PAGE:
What's a little diversity among friends? Having grown up with pre-school playmates who were almost all black, recovering tuberculosis patients at the hospital where my dad worked as medical director, and spent my teen years in Malvern OH, where the small percentage of blacks didn't seem all that different from anyone else, I wondered why the publisher was wasting his money on "diversity training" when I worked at the Plain Dealer.
Sure, my former copy editor Felipe Nieves, a Puerto Rican, was moved to ask "Where's the color?" when he visited me in Minerva and Malvern a couple years ago. I lamely pointed him to Clearview Golf Course just outside Minerva in East Canton, founded by a graduate of Minerva High School, frustrated by discrimination in golf. Most of my friends learned to golf there and take advantage of the PGA/LPGA professional instruction provided by the Powells. Certainly they helped educate the rural people with some money.
Facebook friend Bill Monroe Sr. used to caddy there himself, while is mother was the postmistress of Malvern, OH. People like my father, who was truly color blind, were proud of that and didn't like that Diane's parents moved her out of town when she took up with one of our basketball stars.
So I can't gloss over America's shortcomings in race relations by pointing to a golf course or a black postmistress. Malvern had some other integration problems, too, but to me, a white girl, they seemed not too great.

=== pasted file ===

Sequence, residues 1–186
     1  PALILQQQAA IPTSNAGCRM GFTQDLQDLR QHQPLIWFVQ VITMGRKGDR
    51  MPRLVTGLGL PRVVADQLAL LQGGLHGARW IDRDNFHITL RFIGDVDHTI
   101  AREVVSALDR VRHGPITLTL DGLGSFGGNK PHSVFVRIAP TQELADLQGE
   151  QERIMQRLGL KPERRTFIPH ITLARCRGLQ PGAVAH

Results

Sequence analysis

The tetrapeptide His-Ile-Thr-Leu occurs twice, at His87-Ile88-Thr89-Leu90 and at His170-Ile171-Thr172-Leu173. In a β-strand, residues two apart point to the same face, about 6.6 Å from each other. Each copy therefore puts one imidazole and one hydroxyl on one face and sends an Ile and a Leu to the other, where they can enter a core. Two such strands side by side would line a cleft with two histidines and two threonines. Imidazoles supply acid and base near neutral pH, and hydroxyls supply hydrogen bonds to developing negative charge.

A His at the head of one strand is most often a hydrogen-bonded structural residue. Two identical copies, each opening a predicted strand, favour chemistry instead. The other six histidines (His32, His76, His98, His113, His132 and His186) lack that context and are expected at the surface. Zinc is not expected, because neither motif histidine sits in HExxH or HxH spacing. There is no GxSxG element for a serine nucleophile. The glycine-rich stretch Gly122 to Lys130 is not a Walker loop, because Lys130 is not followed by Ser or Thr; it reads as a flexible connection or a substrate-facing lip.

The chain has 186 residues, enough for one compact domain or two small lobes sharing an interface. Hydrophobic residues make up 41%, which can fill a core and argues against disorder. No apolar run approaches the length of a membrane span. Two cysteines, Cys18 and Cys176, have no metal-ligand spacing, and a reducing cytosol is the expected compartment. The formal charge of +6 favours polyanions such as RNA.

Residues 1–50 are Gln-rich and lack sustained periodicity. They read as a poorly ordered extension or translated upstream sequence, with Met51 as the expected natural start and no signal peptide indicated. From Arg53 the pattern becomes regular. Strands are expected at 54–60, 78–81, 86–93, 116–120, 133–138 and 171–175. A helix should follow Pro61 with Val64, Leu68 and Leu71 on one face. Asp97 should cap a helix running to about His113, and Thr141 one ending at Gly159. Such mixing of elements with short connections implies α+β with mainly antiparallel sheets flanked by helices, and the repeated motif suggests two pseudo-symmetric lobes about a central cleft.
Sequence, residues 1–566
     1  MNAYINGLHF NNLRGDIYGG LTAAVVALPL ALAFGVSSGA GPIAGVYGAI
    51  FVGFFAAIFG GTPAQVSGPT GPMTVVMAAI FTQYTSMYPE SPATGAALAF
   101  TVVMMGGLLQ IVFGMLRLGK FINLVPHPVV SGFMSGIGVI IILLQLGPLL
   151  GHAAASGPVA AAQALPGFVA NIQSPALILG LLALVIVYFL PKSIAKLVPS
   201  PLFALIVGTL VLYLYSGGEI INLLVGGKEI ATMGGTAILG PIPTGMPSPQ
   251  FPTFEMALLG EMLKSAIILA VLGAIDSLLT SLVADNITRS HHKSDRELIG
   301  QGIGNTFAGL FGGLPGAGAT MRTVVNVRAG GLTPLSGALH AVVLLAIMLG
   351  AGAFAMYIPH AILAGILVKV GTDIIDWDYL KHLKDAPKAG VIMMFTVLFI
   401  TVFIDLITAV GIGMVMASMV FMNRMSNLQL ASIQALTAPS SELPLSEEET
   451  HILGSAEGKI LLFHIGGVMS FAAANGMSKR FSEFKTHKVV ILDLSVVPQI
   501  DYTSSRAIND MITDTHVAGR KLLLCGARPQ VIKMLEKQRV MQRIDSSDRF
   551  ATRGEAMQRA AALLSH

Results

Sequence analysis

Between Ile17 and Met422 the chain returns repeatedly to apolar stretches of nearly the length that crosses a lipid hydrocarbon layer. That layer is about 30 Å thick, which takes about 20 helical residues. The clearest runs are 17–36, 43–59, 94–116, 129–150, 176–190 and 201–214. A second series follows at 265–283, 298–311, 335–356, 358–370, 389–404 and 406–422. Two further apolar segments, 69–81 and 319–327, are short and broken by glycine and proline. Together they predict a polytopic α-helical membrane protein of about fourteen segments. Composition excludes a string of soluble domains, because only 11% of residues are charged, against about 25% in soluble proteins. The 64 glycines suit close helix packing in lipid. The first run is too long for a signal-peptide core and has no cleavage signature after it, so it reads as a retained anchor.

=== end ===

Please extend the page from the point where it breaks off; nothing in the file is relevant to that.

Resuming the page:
Let's just say we got along better than our counterparts in the big cities and leave it at that. So, that's the backdrop for our gathering at West End Inn a couple Saturday's ago. Some of us had not seen each other for nearly 40 years and were eager to be reunited with Dietra Monroe Turner and Faye Brown (Stokes-Gardner), whatever he last name is now! As aside, she announced, "I've been married and divorced three times!" Oh, two knee replacements, too!
Faye was a live wire when were growing up. She and I used to run together in my little red VW. Earlier, those who were allowed to go to the sock hops, were entertained by her rendition of the funky chicken.
My friend and colleague at the Plain Dealer, Philip Morris, a black columnist, used to quiz my about rural blacks, how they got there. I guess I could only say the same way as everyone else everywhere else. Anyway, for a dozen of us, it was a great reunion, that Saturday night in October.
Cheryle Burwell Clark was some years older than Dietra, but you couldn't tell, could you!
The Gamber girls, Karen on the left and Beth seated next to me, lived on a farm very close to the Eakin girls. And Faye spent a lot of time there. Kathy Eakin Shingleton is on the right below, with Donna Early Tope and Connie Lambert Crowl. Stan Gamber is the only guy in the group picture. at the top. He graduated with me.
It was a great evening among great friends. We vow to do it again!